But this optimism isn’t universal. The prospects of a warm and close relationship between Britain and the European Union have considerably dimmed. The two sides recently finished negotiations on a memorandum of understanding to establish a forum to discuss financial regulation, but the forum is voluntary, and the document has yet to be signed.
Duff & Phelps found that fewer see London as the world’s leading financial center but that it topped the leader board for regulatory environment.
Here are some of the plans.
Mr. Sunak told Parliament on March 3, the same day a review commissioned by the government recommended changes designed to encourage tech companies to go public in London. It proposed ideas, common in New York, that would let founders keep more control of their company after they began selling shares.
For example: allowing companies with two classes of shares and different voting rights (like Facebook) to list in the “premium” section of the London Stock Exchange, which could pave the way for them to be included in benchmark indexes. Or: allowing a company to go public while selling a smaller proportion of its shares than the current rules require.
Today in Business
The timing of Deliveroo’s I.P.O. wasn’t a coincidence. It listed with dual-class shares that give its co-founder William Shu more than half of the voting rights for three years — a structure set to “closely align” with the review’s recommendations, the company said.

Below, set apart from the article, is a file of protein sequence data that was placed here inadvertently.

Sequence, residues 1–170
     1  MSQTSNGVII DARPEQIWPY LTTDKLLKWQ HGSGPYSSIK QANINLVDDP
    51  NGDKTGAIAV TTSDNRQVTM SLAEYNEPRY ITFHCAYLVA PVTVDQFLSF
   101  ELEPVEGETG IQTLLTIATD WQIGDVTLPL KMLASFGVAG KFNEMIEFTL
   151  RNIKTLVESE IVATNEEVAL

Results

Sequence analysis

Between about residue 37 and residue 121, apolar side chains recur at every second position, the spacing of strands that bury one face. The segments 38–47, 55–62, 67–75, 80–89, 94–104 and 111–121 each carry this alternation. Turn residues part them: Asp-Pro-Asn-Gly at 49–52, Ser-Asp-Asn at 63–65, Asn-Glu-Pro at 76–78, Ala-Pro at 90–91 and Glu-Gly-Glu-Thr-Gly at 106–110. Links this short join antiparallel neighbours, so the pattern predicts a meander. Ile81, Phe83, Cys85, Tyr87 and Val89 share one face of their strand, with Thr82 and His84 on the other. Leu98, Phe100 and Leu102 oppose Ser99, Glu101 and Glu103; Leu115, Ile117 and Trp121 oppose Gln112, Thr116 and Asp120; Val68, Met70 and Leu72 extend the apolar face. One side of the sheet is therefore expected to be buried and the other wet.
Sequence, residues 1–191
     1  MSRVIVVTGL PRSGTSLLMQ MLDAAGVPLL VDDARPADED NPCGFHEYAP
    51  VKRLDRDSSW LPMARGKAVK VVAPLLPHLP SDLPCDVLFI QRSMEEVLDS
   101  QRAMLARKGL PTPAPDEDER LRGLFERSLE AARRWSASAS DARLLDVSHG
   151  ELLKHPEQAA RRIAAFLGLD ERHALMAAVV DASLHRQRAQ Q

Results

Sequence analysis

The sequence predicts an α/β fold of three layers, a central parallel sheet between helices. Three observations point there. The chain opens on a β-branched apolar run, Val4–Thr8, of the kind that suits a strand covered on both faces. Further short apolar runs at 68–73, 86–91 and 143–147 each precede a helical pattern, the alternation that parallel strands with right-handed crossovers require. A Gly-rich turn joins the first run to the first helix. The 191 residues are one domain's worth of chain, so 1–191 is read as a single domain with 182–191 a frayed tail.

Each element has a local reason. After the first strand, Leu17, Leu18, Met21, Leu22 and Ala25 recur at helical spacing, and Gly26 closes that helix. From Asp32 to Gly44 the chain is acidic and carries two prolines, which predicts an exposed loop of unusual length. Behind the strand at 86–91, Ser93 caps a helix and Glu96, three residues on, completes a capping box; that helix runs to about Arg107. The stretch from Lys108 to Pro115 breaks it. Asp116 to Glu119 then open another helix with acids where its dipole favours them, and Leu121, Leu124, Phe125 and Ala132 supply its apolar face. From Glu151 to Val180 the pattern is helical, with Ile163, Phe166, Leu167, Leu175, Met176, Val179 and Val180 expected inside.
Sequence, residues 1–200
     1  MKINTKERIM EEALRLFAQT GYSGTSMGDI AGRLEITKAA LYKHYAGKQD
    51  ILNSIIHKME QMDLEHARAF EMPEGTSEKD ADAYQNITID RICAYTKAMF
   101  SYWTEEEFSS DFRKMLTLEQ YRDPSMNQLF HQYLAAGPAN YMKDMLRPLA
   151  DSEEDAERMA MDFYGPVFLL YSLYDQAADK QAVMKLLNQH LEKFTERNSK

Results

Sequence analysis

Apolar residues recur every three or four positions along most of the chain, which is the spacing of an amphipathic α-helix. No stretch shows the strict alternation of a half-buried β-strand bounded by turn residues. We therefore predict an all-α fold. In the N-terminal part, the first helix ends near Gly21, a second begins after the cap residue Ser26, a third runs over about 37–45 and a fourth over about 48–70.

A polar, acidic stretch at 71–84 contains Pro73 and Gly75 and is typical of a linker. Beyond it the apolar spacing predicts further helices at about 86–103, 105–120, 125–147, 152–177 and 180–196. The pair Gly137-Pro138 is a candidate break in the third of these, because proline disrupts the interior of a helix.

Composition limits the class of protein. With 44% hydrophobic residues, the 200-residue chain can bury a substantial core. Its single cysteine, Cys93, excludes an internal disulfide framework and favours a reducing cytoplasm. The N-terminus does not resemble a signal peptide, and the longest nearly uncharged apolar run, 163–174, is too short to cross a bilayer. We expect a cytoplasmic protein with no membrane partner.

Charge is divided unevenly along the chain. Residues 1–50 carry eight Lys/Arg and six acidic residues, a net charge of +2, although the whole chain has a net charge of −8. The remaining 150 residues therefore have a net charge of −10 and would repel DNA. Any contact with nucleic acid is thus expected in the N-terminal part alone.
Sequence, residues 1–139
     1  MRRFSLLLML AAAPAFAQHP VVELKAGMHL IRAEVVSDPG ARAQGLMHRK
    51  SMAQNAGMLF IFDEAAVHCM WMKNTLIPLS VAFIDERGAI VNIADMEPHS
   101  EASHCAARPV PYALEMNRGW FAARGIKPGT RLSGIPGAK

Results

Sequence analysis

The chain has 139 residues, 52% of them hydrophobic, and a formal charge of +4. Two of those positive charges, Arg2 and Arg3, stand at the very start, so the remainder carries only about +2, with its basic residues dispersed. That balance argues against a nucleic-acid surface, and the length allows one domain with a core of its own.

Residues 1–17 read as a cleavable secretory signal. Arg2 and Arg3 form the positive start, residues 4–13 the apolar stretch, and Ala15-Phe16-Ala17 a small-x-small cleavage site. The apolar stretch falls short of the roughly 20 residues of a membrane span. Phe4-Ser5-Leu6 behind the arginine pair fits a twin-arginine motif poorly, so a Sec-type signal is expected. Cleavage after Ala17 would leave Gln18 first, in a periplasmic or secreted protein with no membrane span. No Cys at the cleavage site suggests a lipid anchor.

But the idea may be a nonstarter among some of London’s institutional investors. Deliveroo flopped partly because they balked at the offer of shares with minimal voting rights.
the latest craze in financial markets, having taken off with investors and celebrities alike. SPACs are public shell companies that list on an exchange and then hunt for private companies to buy.
London has been left behind in the SPAC fervor. Last year, 248 SPACs listed in New York, and just four in London, according to data by Dealogic. In March, Cazoo, a British used car retailer, announced that it was going public via a SPAC in New York.
Already there are signs that Amsterdam could steal the lead in this booming business for Europe. There have been two SPACs each in London and Amsterdam this year, but the value of the listings in Amsterdam are five times that of London.
Britain’s financial regulatory agency said it would start consultations on SPACs soon and aim to have new rules in place by the summer.
regain ground lost to Germany, France and other European countries on the issuing of green bonds to finance projects to tackle climate change.
The City’s future
London’s finance industry isn’t in danger of imminent collapse, but because of Brexit a cornerstone of the British economy isn’t looking as formidable as it once did. And as London tries to keep up with New York, it is looking over its shoulders at the financial technology coming out of Asia.
The government has continuously billed Brexit as an opportunity to do more business with countries outside of the European Union. This will be essential as international companies begin to ask whether they want to base their European business in London or elsewhere.
When it comes to the future of Britain, it’s “almost a back-to-the-future approach of London as an international center as opposed to being an international and European center,” said Miles Celic, the chief executive of the CityUK, which represents the industry. “It’s doubling down on that international business.”